Cheryl S. Betenson, deseret news
Rios Pacheco is a descendant of a Bear River Massacre survivor. His ancestor was baptized in 1873.

Standing on the banks of the Bear River in 2012 felt like stepping back into history. Gathered were artists and a group of Shoshone posing for a painting that would go into the Brigham City Temple. Yet, upstream was Preston, Idaho, where the almost complete annihilation of their nation had taken place during the Bear River Massacre in 1863.

Listening to the sounds of people and reflecting on both occasions, I placed a cradleboard and doll into the hollow of a tree. I thought of a little baby 150 years ago in the real cradleboard who was allowed to live.

Twelve-year-old Yeager played dead to survive. The soldier finding him alive pointed his gun, pulled back, pointed again and then a third time finally pulled his gun away.

"Even in tragedy you see humanity," said Rios Pacheco, the Shoshone descendant of a massacre survivor. "There is always someone who will not carry out the order; they will go beyond the command and do what is right."

A decade after the massacre, in the same Bear River, Mormon missionaries baptized a total of 1,188 Indians. They represented 10 different bands and tribes. Yeager, his life spared, was part of the group. His son, Moroni Timbimboo, became the first American Indian bishop in 1939.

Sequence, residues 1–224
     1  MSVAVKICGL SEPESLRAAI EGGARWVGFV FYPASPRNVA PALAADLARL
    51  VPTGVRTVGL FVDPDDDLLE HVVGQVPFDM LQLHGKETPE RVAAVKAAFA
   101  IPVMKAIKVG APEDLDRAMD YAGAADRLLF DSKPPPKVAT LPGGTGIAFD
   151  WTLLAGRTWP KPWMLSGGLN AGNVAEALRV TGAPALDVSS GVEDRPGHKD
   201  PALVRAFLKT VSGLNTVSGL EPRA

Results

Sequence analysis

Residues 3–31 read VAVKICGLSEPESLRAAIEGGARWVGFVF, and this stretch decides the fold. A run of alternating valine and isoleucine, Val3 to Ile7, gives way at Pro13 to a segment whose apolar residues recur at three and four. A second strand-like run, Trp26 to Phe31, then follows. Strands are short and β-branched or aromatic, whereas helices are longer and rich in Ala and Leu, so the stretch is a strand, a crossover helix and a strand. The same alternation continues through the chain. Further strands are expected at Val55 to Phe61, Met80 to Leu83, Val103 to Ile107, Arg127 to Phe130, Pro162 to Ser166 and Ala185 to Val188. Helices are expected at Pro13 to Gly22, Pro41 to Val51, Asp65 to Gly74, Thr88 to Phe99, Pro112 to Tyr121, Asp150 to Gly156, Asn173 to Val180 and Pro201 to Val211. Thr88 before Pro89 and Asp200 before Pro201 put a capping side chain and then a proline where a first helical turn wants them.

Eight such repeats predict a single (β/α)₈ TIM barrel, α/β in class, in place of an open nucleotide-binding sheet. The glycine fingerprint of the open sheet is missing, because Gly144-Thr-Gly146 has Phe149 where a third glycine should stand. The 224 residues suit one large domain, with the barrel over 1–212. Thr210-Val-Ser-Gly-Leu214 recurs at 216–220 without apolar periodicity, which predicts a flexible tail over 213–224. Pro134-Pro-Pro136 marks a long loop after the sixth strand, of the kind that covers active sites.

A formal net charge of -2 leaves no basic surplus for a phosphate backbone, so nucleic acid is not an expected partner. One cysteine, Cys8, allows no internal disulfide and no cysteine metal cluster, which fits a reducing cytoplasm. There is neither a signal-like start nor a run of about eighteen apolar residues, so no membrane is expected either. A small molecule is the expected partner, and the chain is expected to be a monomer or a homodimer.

On April 17, 2012, I stood at the Bear River with a group of models. These descendants of the original LDS converts gathered to re-enact the confirmation of the Northwestern Shoshone at the river's edge. The spring air was filled with warmth. The mountains, still touched with recent snow, reminded me of chilly spring water used to immerse the first converts in May 1873.

Aged and peaceful, 83-year-old Helen Timbimboo, a daughter in-law to Moroni, stood proud. At the edge of her life, she was a connection to the past and the future. Just one month later, she passed away. But her image that day remains, captured in the temple painting.

"It is our gift to the world to have an American Indian painting in the temple," Tom Pacheco said of the confirmation painting,

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Rios Pacheco, who was the model depicted as being confirmed in the painting, put our day into perspective: "Remember, you will be in their baptismal font."

The conversion story of a generation standing on the edge of change has gone from the river to the temple. The painting tells the story of humility, repentance, forgiveness and covenants. The Bear River, their baptismal font, did bring new life to the Shoshone with blessings that only the gospel of Jesus Christ and its healing waters can bring.

The same Great Spirit that their ancestors worshipped can heal hearts and make wrong things right.

Cheryl S. Betenson is a friend of the Shoshone and an aspiring artist and writer.